Cowboy-snow mix makes for good downhill ride at Steamboat Resort (with video)
STEAMBOAT SPRINGS — The large group of spectators who lined the Stampede ski run at the base of Steamboat Resort on Monday, Jan. 20, discovered that if you combine snow with about 80 professional rodeo cowboys, you end up with a rootin’-tootin’ good time.
“The Cowboy Downhill is such a unique event,” said Loryn Duke, Steamboat Ski & Resort Corp. director of communications. “There’s no other place doing anything like it, and I think that’s why so many people are drawn to it. Whether you’ve seen it for the last 10 years or the last 40 years or it’s your first time, it’s always exciting.”
Monday’s 46th annual Bud Light Cowboy Downhill had its fair share of unpredictable and unexpected moments, but the “stampede” winner ColinWolfe, of Wenatchee, Washington, was not a total surprise. It was his second year to win the stampede, where the entire field of cowboys starts from the top of the hill at the same time.
The event normally leaves broken poles, hats and more than a few fallen cowboys in its wake, but Wolfe, who is a steer wrestler by trade, avoided the chaos on the ski run the last two years en route to winning the event. Wolfe, who grew up ski racing, credits space to his success.
“The trick is trying to keep away from everybody else,” Wolfe said in the finish area. “You just try to distance yourself from everybody.”
The win was a bright spot for Wolfe who said things didn’t go as well as expected in the steer wrestling events last week at the National Western Stock Show. Many of the cowboys who take part in the Cowboy Downhill are in Colorado for the stock show, which runs Jan. 11-26 in Denver.
“I’m not coming back for the progressive round, so things could have gone better,” Wolfe said. “But this helps a little bit.”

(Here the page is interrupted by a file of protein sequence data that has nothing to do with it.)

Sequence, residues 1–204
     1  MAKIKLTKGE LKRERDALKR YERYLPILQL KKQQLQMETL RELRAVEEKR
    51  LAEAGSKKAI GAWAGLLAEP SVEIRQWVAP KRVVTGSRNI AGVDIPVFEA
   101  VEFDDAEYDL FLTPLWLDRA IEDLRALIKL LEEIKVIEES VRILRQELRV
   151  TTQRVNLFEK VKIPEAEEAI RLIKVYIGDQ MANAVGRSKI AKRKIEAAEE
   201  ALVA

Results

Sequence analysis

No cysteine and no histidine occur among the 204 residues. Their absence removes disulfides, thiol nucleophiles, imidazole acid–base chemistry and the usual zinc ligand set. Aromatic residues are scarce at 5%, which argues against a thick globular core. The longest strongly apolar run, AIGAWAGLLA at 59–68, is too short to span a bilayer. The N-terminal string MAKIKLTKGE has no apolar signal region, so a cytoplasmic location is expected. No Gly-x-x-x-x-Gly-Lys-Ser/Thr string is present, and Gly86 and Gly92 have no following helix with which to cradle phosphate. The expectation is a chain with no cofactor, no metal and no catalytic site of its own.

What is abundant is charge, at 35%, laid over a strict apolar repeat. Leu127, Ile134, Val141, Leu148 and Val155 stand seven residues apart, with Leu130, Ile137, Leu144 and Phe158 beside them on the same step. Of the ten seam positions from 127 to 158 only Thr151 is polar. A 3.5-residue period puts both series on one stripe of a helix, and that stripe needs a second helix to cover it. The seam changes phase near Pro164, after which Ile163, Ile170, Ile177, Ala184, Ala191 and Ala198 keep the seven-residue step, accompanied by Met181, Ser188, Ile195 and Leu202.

Monday’s event drew 77 professional cowboys, a field of 21 “legends” and another group of rodeo queens. Pascal Isabelle won the timed event part of the Downhill by edging out fellow Canadian Jake Burwasa. Wyoming cowboy Jed Moore won the “legends” division, and Grant Denny earned “best wreck” after getting entangled at the finish and dragging both gates with him through the finish line leaving behind a yard sale of equipment.
For many of the competitors, Monday’s event was not their first rodeo, and it’s something they plan to attend whenever they have the chance.
“It’s the hospitality of the Steamboat Resort, the camaraderie with the cowboys and just getting the opportunity to spend time with your rodeo buddies but not at a rodeo,” said Jedd Moore, a former bull rider from Cheyenne, Wyoming, who keeps coming back. This year’s downhill marks his 22nd year.
Before the race, Moore was hanging out and signing autographs for fans with bullfighter Boomer Reeves. The two were friendly, but Reeves admits ski racing brings out his competitive nature. He still remembers the last time he beat his buddy Moore in Steamboat.
“I got him three years ago,” Reeves said. ”We’re all competing against each other. This is just a different kind of competition for us, but we’re still going to try to beat each other.”
But Moore was quick to add he lost a ski in the starting gate that year when Reeves won.
“That’s when my ski fell off coming out of the start,” Moore said. “Some guys were messing with my bindings, and when I skated out of the start, my ski fell off.”
Reeves didn’t even try to hide his guilt.
“Just so you know, I was the guy that loosened those bindings,” Reeves said.
But both cowboys agreed, the Cowboy Downhill is something people look forward to every winter.
“For the crowd, it’s a great thing,” Reeves said. “For me, it’s 50-50.”
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